The medication unit comes all prepared with the medication ready for use and needs only to be inserted in a syringe and the guard sheath removed just before use. The handle of the syringe is then forced forward to move the piston. The medication may be one to be used intramuscularly or intravenously, and the plunger handle is constructed to be screw-threaded to the stub shaft 22 of the piston, thereby permitting the piston to be retracted as well as pushed in. A slight retraction of the piston, after insertion of the needle, will disclose whether a blood vessel has been penetrated, for, if it has, blood will show in the medication through the transparent sheath. Thus, an intramuscular or intravenous injection can be positively made.
The medication unit permits complete sterile technique for hypodermic injections of any material and eliminates the time and trouble for preparing and keeping the needle sterile. Only one syringe needs to be carried by a doctor, which syringe can be used repeatedly regardless of the medication involved. Different units have different types of medication, any of which could be selected for use with the single syringe. A used medication unit is disposed of after use, and a new one is used. Thus, there is no possibility for contamination. The medication units may be labeled for identification as to the medication, and the proper ones may be selected for loading into the syringe for application.
The needle is not only combined with the medication unit but a sheath therefor is employed to protect the needle and facilitate insertion of the unit in the syringe. The medication, needle and shield comprise the medication unit which is assembled with the needle hermetically sealed, the needle shield not being removed until the hypodermic injection is to be given.
The medication unit is adapted to be used with or without a syringe, or any particular one. Means is provided for fixing the needle to the mounting to prevent it being pulled out or sliding therein. Such means is positioned to seat against one end of the barrel chamber of a syringe if a syringe be used, or to be grasped in one hand while any plunger means is fitted to the piston.
While the invention has been described in detail, it will be understood that there may be various changes in details of construction without departing from the spirit of my invention, and, therefore, I claim my invention broadly as indicated in the appended claims.
Having thus described my invention, what I claim as new and useful and desire to secure by U. S. Letters Patent, is:
1. A medication cartridge-needle-needle guard-unit as an article of manufacture, adapted to be readily loaded in and unloaded from the barrel of the syringe, comprising a tube, containing a medication, closed at one end by a piston and at its opposite end by a stopper fitted thereto and having a seating means for contacting with one end of the syringe barrel, said stopper provided with an head portion projecting from a portion to which the end of the tube is fitted, a hub provided at one end of the stopper having a cylindrical wall portion offset from the seating means for projecting through the end of the syringe barrel and terminating in a free end of reduced cross-section, a needle projecting through the hub and stopper and secured. thereto, and a needle guard fitted to the reduced free end of the hub, said needle guard being of a cross-section not greater than the cylindrical wall portion of the hub adjacent the seating means.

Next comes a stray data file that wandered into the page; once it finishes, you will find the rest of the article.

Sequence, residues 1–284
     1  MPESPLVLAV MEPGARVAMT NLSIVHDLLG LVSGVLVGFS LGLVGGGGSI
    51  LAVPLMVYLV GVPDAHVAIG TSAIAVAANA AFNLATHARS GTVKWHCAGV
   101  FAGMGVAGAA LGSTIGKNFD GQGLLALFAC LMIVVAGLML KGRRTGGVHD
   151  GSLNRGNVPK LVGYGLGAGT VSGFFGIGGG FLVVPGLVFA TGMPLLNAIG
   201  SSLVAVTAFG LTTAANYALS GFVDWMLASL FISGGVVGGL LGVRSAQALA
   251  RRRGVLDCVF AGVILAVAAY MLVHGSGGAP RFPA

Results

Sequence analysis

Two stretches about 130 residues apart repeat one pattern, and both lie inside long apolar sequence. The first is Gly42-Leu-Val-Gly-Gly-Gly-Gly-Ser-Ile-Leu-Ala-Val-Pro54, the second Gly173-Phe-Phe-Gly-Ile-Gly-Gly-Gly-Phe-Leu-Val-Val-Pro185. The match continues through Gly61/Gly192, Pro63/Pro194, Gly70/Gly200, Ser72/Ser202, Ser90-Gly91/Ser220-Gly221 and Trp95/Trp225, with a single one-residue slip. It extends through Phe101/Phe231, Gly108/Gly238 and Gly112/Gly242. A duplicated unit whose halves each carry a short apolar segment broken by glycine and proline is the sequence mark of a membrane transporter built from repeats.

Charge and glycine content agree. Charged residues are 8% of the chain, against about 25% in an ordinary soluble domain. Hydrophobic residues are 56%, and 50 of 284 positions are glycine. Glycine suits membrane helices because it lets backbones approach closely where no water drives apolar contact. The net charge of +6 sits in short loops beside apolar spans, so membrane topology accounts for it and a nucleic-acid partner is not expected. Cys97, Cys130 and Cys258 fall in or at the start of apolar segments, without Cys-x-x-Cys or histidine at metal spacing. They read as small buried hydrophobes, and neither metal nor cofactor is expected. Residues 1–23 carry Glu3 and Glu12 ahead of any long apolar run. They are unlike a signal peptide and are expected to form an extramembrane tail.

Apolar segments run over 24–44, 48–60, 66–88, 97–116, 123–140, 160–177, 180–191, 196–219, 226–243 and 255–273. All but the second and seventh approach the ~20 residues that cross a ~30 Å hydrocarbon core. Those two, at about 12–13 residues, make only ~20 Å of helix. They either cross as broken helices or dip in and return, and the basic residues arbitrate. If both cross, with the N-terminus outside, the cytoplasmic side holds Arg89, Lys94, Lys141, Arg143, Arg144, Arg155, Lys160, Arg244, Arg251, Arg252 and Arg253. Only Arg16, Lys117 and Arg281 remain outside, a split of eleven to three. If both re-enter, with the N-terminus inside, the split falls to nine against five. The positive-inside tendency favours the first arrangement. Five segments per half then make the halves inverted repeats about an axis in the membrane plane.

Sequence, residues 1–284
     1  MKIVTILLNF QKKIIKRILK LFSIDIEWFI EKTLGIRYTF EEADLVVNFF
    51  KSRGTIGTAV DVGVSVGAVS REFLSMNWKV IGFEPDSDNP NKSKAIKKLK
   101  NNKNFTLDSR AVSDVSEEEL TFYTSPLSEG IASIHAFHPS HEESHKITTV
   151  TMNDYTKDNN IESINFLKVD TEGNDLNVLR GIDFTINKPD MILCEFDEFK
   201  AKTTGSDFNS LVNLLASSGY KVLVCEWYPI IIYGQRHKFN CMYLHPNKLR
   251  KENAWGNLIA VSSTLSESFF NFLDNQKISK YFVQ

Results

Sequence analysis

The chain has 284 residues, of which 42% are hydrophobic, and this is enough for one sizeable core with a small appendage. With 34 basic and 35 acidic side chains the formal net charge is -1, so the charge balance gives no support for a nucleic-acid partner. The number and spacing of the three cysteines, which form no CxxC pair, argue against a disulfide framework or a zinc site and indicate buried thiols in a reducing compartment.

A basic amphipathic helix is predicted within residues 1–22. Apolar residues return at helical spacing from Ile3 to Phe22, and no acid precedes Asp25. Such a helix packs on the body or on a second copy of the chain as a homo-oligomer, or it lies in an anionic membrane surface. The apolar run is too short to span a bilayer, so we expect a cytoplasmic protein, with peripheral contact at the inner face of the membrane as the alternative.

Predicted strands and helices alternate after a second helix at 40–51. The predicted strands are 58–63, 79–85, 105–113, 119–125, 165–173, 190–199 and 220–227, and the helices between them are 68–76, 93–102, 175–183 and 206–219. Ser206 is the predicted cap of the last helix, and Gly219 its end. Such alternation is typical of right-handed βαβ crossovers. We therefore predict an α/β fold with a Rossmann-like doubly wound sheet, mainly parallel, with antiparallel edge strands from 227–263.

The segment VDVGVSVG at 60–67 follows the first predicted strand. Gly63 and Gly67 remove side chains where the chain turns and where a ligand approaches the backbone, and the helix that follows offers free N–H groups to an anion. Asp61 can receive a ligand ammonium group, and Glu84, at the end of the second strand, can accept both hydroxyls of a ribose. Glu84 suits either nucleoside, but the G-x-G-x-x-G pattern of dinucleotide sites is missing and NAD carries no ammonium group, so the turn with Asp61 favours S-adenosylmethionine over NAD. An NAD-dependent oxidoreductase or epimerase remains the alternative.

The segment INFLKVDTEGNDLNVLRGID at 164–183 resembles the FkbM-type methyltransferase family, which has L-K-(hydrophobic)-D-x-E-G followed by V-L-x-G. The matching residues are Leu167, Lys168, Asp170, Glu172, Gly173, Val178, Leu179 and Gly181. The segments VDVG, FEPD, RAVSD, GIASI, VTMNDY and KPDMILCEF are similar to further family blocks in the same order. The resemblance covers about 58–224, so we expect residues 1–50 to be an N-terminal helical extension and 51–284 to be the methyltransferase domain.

2. A cartridge-needle unit adapted to be inserted and used in a rigid syringe body provided with a push rod at its proximal end and an opening at its distal end, said unit comprising: a transparent ampule closed at one end with a slidable plunger provided with a threaded connection for the push rod of the syringe body, a penetrable closure sealing the distal end of the ampule, an injection needle secured fast in an head associated with said distal end closure of the ampule, the proximal end of the needle passing through the penetrable closure and communicating with the interior of the ampule and the distal portion of the needle extending outwards from the head and an hub adjacent said head, the hub at its distal end having a portion of reduced diameter, and a sleeve surrounding the distal portion of the needle, said sleeve having an outside diameter less than the inside diameter of the distal opening in the syringe body, forming a tight joint with the reduced portion of the hub and surrounding and enclosing the distal portion of the needle.
3. A cartridge-needle unit adapted to be inserted and used in a rigid syringe body provided with a push rod at its proximal end and an opening at its distal end, said unit comprising: a transparent ampule closed at one end with a slidable plunger provided with a readily detachable interengaging connection for the push rod of the syringe body, a penetrable closure sealing the distal end of the ampule, an injection needle secured fast in an head associated with said distal end closure of the ampule, the proximal end of the needle passing through the penetrable closure and communicating with the interior of the ampule and the distal portion of the needle References Cited in the file of this patent UNITED STATES PATENTS 766,203 Walsh Aug. 2, 1904 1,512,294 Marcy Oct. 21, 1924 1,737,857 MacGregor Dec. 3, 1929 1,867,355 Fletcher July 12, 1932 1,929,247 Hein Oct. 3, 1933 2,461,481 Roehr Feb. 8, 1949